Following surgery, patients are placed in a thumb cast for 2-6 weeks, with the length of time depending on the stability obtained during the procedure. Once the cast is removed, the thumb is placed in a splint and rehabilitation takes place until fracture healing is complete. The goals of rehabilitation are to relieve stiffness, restore range of motion, and increase muscle strength. Hand function is usually restored to normal over 1-3 months, although in some patients the thumb may not feel right for around six months.

Athletes are often able to return to action well before the injury has fully recovered, making Smith's timetable for Cutler's return reasonable. However, a key concern with thumb fractures regardless of the treatment option is whether the patient will ever regain the level of function they enjoyed prior the injury. If the bone does not realign properly after surgery, patient may develop arthritis, loss of motion, and a propensity for re-dislocation. Furthermore, if the fracture produces multiple, small bone fragments, damage to the surface of the bones, or significant soft-tissue injury, there is a higher likelihood of arthritis and decreased thumb mobility compared with those that are relatively uncomplicated and easily realigned in the operating room. Thankfully for Bears fans, Smith's belief that Cutler will return before the end of the regular season makes these worrisome possibilities less likely.

Perhaps the biggest issue with a thumb fracture in Cutler's case relates to the position he plays. Someone at almost any other position could potentially return to action even sooner than Cutler will, with a protective device in place to protect the thumb. For a quarterback, the thumb - and especially the base of the thumb - is critical for stabilizing the ball during the throwing motion and maintaining proper spin while in the air. To illustrate the importance of the location of a thumb fracture, Steelers' quarterback Ben Roethlisberger has now suffered two fractures to his throwing thumb since 2005, but he has been able to return to action without any time missed due to the fact that the injuries were high up in the thumb and did not require surgical realignment. Cutler's ability to return to his current form will depend upon the ability of the surgeon to realign the bone to its original position as well as possible, and even after that, he could still suffer from a mild degree of loss of motion that could impact the speed and accuracy of his passes.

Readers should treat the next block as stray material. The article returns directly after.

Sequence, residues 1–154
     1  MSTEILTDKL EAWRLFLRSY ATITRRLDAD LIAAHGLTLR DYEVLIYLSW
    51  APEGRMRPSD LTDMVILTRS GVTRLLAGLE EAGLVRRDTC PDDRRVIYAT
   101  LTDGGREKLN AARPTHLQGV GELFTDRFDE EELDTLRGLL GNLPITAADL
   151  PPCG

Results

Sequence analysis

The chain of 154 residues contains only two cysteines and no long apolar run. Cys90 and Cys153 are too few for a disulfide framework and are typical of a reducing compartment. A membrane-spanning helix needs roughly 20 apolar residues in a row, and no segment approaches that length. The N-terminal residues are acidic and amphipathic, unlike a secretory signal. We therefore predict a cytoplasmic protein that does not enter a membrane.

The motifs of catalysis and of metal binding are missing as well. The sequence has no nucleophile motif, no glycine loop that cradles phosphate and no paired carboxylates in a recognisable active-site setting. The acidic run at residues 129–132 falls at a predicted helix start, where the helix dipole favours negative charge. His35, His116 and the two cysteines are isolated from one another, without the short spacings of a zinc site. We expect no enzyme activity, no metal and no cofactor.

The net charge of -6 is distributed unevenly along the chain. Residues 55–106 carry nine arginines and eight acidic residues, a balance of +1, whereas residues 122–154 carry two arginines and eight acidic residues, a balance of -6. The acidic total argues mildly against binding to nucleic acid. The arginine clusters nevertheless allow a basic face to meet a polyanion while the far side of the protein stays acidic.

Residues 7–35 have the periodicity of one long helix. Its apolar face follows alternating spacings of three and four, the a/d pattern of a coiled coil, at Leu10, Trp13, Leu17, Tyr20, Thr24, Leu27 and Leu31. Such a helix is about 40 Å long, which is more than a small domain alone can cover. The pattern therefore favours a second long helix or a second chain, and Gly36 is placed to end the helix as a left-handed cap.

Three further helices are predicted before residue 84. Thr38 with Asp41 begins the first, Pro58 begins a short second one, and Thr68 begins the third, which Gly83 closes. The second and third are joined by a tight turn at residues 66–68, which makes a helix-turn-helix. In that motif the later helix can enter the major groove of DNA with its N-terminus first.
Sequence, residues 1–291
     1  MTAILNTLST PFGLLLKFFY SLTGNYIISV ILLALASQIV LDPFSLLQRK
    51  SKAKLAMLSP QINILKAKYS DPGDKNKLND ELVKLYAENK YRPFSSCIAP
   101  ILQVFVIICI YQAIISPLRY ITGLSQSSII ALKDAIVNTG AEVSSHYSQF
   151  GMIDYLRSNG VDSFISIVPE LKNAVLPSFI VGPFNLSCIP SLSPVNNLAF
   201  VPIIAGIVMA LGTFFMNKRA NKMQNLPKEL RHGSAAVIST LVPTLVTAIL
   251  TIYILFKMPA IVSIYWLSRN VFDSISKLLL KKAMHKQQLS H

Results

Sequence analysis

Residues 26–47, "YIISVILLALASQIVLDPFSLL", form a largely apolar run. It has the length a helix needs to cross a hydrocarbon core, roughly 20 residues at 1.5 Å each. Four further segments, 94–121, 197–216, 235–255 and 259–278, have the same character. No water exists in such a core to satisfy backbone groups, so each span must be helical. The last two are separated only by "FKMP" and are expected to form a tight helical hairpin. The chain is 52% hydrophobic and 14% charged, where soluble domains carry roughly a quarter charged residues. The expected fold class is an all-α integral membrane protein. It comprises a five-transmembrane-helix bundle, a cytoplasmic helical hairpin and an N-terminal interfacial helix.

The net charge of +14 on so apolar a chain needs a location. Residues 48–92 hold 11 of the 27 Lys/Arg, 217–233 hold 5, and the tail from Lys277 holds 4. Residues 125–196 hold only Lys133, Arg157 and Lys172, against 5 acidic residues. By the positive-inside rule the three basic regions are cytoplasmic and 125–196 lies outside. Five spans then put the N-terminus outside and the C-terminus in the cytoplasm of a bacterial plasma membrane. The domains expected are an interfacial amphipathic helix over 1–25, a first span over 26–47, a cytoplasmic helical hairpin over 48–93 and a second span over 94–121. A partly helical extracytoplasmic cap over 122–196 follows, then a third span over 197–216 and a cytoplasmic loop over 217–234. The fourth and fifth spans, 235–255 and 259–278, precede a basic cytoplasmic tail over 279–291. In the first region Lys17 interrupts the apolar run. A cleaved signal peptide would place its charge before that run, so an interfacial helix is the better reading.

For the short term, the Bears will begin their season's stretch run with Cutler out of action, and with only two of their six remaining foes boasting records above .500, Chicago still stands a good chance of making it to 10 wins. Assuming, as Smith believes, Cutler is able to return before the Bears' season-ending game at Minnesota, the question will be whether his recovery has progressed enough to make him effective in a potential playoff game the next week. If not, backup Caleb Hanie, who will start in Cutler's place starting next week and who took over at quarterback when Cutler sustained a knee injury in last year's NFC Championship game loss to Green Bay, will be asked to guide the Bears in January for a second consecutive year.